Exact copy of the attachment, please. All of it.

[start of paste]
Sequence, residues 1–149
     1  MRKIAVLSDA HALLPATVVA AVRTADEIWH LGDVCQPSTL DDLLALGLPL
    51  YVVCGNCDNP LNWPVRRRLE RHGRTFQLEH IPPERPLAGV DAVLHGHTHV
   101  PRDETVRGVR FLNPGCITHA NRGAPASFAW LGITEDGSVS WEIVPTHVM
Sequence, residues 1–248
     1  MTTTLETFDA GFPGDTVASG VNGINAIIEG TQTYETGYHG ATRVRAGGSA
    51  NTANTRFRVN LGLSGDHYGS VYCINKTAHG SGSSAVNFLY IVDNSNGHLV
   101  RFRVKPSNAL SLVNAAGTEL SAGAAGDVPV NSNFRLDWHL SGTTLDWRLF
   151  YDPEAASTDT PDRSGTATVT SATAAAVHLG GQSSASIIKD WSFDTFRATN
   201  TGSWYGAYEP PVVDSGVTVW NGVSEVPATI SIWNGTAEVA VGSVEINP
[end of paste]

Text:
Sequence, residues 1–149
     1  MRKIAVLSDA HALLPATVVA AVRTADEIWH LGDVCQPSTL DDLLALGLPL
    51  YVVCGNCDNP LNWPVRRRLE RHGRTFQLEH IPPERPLAGV DAVLHGHTHV
   101  PRDETVRGVR FLNPGCITHA NRGAPASFAW LGITEDGSVS WEIVPTHVM
Sequence, residues 1–248
     1  MTTTLETFDA GFPGDTVASG VNGINAIIEG TQTYETGYHG ATRVRAGGSA
    51  NTANTRFRVN LGLSGDHYGS VYCINKTAHG SGSSAVNFLY IVDNSNGHLV
   101  RFRVKPSNAL SLVNAAGTEL SAGAAGDVPV NSNFRLDWHL SGTTLDWRLF
   151  YDPEAASTDT PDRSGTATVT SATAAAVHLG GQSSASIIKD WSFDTFRATN
   201  TGSWYGAYEP PVVDSGVTVW NGVSEVPATI SIWNGTAEVA VGSVEINP